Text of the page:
Small, small, small for the foreseeable future

Ben Matson picture
Ben Matson (thermalben)

Southeast Queensland and Northern New South Wales Surf Forecast by Ben Matson (issued Wednesday 28th May)

Best Days: Sat: small south swell. Sun: keep an eye out for a sneaky east swell in SE Qld and Far Northern NSW (but keep your expectations low)

Recap: Strong but easing S’ly swell Tuesday with early light winds tending fresh N/NE during the day. Smaller mix of rapidly fading S’ly swell and local NE windswell this morning, with freshening NW thru’ N’ly winds. 

This week (May 27-30)

No major changes for the rest of the week. Small residual swells are expected on Thursday with early offshore winds expected to swing moderate southerly in association with a shallow change. 

A small short range southerly swell may materialise at south facing beaches in Northern NSW on Friday in the wake of this system, but we’re not going to see much more than a foot or two tops. And SE Qld won’t see much, if anything from this source - possible a tiny level of residual trade swell in the water but that’s about it.

This weekend (May 31 - June 1)

A small southerly groundswell is expected to build along the Northern NSW coast on Saturday, generated by a polar low of mainly moderate strength that formed well south of the Tasman Sea on Monday. Right now it’s exhibiting a broad S/SW fetch (25-30kts) through our far southern swell window. 

Due to the mediocre strength of the fetch and the large travel distance, the resulting swell won’t be very strong nor very large but we should see a reasonable push in size  across most south facing beaches, with sets in the 2ft to possibly 3ft range if we're lucky. It’ll be much smaller elsewhere due to the swell direction, and conditions should be OK with mainly light variable winds and sea breezes. Size will fade from this source throughout Sunday, so get in early for the biggest (!) waves and best conditions.

SE Qld won’t see much, if anything from this southerly swell either. However there is one other source of new swell for Sunday that wasn’t mentioned in Monday’s notes but was mentioned last Friday - a broad ridge of high pressure across the North Island of New Zealand is cradling a trough/low to the S/SE of Tonga, which looks pretty good on the synoptic charts - all except that its fetch is primarily aimed up into the Fijian region.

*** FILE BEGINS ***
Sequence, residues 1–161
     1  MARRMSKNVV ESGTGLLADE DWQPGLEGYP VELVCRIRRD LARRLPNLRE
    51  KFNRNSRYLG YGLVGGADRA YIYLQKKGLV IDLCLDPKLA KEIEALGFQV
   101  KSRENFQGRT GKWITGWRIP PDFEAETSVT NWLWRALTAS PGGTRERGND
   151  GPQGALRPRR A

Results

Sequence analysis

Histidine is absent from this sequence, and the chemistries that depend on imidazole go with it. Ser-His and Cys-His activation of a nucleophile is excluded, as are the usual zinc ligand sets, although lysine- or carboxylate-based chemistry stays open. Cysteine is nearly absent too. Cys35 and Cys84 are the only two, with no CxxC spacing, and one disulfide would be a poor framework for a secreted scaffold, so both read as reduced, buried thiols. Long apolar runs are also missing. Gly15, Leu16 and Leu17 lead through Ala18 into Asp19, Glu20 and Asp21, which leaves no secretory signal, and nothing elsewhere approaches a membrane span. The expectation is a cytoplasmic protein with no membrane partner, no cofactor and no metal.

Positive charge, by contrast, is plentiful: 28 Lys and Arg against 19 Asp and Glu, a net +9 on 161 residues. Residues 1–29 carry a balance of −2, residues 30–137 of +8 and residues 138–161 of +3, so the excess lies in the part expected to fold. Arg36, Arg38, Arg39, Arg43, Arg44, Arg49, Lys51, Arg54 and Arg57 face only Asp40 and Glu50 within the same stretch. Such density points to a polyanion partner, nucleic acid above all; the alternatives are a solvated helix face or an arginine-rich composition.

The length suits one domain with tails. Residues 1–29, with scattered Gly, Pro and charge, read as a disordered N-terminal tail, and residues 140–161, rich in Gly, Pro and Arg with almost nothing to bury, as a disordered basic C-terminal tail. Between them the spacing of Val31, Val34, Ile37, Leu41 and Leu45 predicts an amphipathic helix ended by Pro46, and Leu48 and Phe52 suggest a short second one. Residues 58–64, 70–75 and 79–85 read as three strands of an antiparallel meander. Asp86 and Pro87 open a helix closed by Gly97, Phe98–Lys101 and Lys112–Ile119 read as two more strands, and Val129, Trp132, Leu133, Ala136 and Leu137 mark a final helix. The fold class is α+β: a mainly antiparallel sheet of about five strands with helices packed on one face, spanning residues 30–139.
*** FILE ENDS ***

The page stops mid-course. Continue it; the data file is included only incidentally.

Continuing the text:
As such, the dispersed swell energy we will eventually see at the coast will be much smaller than what we have seen from similarly placed (but more favourably aligned) systems over the last few months. Furthermore, I doubt that locations south of about (say) Yamba will see any energy from this low - wave heights will be biggest on the Sunny Coast with very inconsistent 2ft+ sets, a shade smaller on the Goldy and a shade smaller again in Far Northern NSW, and so on.

Overall I definitely wouldn’t pin your hopes on anything notable from this source, but with there being a small concurrent south swell in the water, it may be worth sniffing out a location that can pick up both swells in order to produce peaky beachies. My only concern is that this small east swell may not arrive until Sunday afternoon, which is when (1) the south swell will be well and truly on the way out, and (2) the sea breeze will probably be up. So, definitely don’t plan any major highway miles around this pulse.

Long term (June 2 onwards)

Nothing of any major interest on the cards, all thanks to a dirty great big blocking pattern across the Tasman Sea.

However what’s interesting about this particular blocking pattern is its shape and alignment. The block is angled across the broader Australian continent, in a NW/SE orientation down to the South Island of New Zealand. What this means is that - unlike a more ‘zonal’ block across the Tasman - most of the synoptic activity in the South West Pacific is aimed up into equatorial regions (ie SE in direction) which doesn’t benefit the East Coast. And the trades are located too far north to be of any benefit (although, this is generally expected around this time of the year).

In tandem with this, the NW flow along the bottom of the block is essentially the downstream part of the Long Wave Trough (SW of Western Australia), which is deflecting all Southern Ocean storm activity well away from our southern swell window. 

And the blocking high itself is suppressing any major activity in the Tasman Sea at the same time. A triple header if you will, all of which points to another possible lengthy spell of small waves in the long term (see the Sydney swell trains below.. all blue!). I'll hopefully have some better news on Friday.